“The Last One”

Remmant was the last of her kind. Her friends thought they had found the perfect way to keep her safe in the forest, safe from harm and from sickness. But would the “last one” still meet her last day before her time? And did she even want to stay alive?



In a cozy gray forest cave, a domicile of ancient rock formed years and years ago in the wood with an olden brown earth floor, sat a deer in her dwelling. Like a big, plush lump, she gently lay on the floor with her long, graceful legs tucked beneath her, so delicate that her body seemed to barely make a dent in the dirt. Her fuzzy upturned tan and white tail pointed up toward the cave’s low ceiling, which was barely high enough for her to avoid hitting her head, her poised face holding a dainty mouth and big, tender brown eyes looking out at the world with a gentle, almost understanding expression.

Now, she glanced at the cave’s entrance, an opening covered with long intertwined leaves hanging down like a flap to hide the deer’s home. Tiny glints of sunlight poked in through the leaves, which had been woven together by her owl friend, Omnisha, and some other birds of the woodland years ago upon her birth. As the deer peered at the bits of penetrating sun (which she also noticed brought much warmth into her normally dark, gray cave), the bottom of cave entrance spread apart a bit, just enough so that the aardvark came in, dragging in his mouth the end of a device that he said humans call “rope.” As he walked, the aardvark pulled the rope so that it ran under his neck, between his legs and under his tummy, running back alongside his tail. At the rope’s end was an old piece of flat bark with a flattened middle—filled with grasses from the forest. The aardvark dragged this bark plate to the back of the cave where the deer, Remmant, was beginning to stand. Remmant’s large brown rabbit friend, who was about Aardvark’s size, came hopping in behind Aardvark.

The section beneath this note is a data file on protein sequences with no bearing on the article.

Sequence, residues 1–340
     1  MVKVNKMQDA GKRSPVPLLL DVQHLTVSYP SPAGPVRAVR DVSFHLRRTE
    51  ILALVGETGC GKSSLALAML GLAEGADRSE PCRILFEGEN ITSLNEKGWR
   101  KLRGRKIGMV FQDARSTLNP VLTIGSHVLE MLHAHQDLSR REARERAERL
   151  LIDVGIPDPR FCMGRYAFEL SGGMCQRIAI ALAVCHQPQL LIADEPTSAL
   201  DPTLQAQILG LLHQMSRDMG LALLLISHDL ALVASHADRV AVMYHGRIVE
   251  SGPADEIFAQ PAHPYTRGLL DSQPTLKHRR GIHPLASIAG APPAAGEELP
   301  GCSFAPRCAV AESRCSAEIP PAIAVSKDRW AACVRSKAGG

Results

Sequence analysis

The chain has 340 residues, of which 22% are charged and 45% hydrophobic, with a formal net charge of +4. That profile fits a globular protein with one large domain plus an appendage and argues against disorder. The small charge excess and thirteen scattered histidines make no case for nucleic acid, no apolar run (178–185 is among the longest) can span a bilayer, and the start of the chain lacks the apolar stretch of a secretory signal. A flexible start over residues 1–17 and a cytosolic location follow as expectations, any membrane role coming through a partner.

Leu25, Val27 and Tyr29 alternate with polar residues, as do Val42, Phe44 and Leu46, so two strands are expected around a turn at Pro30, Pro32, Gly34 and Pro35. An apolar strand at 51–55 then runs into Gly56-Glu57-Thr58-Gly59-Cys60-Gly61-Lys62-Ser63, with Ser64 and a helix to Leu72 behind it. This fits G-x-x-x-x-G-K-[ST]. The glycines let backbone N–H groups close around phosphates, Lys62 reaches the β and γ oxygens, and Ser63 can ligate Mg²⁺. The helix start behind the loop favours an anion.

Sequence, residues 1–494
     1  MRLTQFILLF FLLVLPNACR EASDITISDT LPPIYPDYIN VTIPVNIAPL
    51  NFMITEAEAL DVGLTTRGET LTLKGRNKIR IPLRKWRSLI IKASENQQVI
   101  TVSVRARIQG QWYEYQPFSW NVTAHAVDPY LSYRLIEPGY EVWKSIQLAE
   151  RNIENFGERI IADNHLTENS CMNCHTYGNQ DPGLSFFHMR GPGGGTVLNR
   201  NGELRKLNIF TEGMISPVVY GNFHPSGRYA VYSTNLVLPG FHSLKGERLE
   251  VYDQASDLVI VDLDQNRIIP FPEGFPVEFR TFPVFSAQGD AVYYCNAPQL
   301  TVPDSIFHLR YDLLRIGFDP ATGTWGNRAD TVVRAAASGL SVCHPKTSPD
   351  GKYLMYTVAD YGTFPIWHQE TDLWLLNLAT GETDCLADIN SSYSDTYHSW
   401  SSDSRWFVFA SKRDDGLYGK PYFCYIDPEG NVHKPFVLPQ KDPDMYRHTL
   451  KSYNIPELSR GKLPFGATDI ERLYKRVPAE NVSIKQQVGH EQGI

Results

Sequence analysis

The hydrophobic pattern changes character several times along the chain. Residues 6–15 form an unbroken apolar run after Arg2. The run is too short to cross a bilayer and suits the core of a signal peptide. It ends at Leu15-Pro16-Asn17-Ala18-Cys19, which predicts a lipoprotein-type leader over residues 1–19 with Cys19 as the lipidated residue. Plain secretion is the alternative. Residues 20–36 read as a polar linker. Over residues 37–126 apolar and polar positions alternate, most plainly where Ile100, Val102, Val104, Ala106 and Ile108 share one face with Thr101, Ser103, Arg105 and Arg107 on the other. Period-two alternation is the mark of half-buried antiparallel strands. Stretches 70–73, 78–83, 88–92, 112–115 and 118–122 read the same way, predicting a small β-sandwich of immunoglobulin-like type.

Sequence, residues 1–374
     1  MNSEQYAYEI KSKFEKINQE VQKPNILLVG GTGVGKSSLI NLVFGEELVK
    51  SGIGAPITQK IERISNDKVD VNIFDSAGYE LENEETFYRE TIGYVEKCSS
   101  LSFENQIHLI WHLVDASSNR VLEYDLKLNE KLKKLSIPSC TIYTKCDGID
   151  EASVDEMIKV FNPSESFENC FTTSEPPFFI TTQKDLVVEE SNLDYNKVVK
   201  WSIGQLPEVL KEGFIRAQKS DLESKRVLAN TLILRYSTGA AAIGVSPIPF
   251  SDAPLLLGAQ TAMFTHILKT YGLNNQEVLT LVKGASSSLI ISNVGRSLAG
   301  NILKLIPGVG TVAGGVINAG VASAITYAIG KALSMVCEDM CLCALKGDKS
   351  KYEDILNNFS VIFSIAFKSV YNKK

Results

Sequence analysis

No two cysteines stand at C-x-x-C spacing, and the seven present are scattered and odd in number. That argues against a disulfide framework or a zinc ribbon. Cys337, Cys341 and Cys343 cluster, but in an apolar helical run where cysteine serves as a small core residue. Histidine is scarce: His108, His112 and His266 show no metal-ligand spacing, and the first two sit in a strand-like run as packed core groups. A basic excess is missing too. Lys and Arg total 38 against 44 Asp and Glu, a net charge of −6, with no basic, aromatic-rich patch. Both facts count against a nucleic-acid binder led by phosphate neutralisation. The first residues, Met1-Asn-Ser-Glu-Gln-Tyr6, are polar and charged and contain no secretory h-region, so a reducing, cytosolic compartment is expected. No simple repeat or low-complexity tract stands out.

“Thank you,” said Remmant in a mellow voice, bowing her head down to look the aardvark directly in the eye. “You did not have to bring me such a huge feast today, for you brought much for me at midday.”

The aardvark’s tapering mouth upturned into a small smile. “I chose the longest grasses only, Remmant,” he said, quickly. “That’s why ©Brenna Pierson


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